I just finished judging short short fiction for the web site, erastosphere.com, http://www.ablemuse.com/erato/. Short shorts also answer to the name of flash, sudden fiction, skinnies, mini, micro. (The possibilities are endless, really).
As with other forms, there's no fixed definition, though a common denominator is length. But even that isn't settled-50 words? 100? 3,000? Hemingway wrote a story in six words and called it his best work: "For sale: baby shoes, never worn." Is six words enough?
It seems counterintuitive, but writing shorter is harder than writing something long. Highly compressed, highly charged, each word matters. The challenge becomes how to say more with less. It's a good practice-this paring down-regardless of form. The writer must ask: is this word necessary? How does this word or image or piece of dialogue do more than one thing?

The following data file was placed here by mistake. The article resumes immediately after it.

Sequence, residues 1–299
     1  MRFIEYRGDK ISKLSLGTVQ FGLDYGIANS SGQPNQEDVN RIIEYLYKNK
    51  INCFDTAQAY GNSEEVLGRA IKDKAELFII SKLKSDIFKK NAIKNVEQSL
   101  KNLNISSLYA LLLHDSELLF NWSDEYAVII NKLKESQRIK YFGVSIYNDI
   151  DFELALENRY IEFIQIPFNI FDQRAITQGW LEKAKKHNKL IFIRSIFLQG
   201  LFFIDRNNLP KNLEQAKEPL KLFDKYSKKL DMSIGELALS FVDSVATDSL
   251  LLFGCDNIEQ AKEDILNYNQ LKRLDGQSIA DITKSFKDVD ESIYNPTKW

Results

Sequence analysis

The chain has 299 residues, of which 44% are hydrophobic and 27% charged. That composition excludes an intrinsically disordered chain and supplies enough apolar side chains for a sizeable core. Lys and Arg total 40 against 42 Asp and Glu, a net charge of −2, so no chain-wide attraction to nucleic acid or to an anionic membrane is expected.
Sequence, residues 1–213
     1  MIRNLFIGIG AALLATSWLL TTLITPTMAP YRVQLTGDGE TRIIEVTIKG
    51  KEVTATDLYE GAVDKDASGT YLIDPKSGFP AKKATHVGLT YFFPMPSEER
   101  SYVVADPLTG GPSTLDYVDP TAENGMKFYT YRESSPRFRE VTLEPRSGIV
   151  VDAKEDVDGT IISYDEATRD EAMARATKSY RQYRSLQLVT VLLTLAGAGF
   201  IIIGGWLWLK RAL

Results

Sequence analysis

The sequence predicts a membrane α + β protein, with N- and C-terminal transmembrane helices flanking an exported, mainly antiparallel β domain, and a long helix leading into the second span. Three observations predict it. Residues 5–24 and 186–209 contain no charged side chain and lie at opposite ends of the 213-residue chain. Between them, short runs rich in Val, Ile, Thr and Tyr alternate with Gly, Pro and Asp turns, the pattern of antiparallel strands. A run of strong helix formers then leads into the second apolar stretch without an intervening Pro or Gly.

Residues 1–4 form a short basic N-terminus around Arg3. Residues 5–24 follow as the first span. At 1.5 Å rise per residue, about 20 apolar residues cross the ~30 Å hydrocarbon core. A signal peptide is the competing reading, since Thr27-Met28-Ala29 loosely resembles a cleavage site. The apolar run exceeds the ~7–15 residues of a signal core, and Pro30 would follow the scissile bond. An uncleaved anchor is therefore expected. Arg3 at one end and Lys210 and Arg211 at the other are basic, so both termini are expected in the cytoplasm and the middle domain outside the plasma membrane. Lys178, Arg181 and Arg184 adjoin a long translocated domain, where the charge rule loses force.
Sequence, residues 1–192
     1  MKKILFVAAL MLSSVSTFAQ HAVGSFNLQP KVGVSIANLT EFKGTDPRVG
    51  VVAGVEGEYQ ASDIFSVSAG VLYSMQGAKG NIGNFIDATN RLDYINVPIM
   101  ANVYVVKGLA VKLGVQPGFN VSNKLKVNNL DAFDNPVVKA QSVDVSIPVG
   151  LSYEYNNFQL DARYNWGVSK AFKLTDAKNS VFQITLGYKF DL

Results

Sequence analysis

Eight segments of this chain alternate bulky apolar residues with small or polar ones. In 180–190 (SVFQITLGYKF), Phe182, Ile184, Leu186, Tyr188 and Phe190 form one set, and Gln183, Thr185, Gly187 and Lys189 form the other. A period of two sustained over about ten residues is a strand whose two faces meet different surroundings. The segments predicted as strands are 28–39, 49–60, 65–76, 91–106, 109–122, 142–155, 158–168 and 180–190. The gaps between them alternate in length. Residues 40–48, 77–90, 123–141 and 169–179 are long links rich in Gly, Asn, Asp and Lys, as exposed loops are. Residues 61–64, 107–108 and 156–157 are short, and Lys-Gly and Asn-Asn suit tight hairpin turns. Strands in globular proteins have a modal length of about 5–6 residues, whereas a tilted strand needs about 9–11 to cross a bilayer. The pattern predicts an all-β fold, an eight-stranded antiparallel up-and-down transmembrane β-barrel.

Short shorts invoke the craft elements of fiction: character and character development, imagery, plot, rising action, a turn or shift toward the end. Yet given its length limitation, it must inhabit this large world by implication and subtext. The finished story, when done well, is quite stunning. Like looking at a raindrop and seeing the entire ocean.
Causes Nina Schuyler Supports
National Resources Defense Council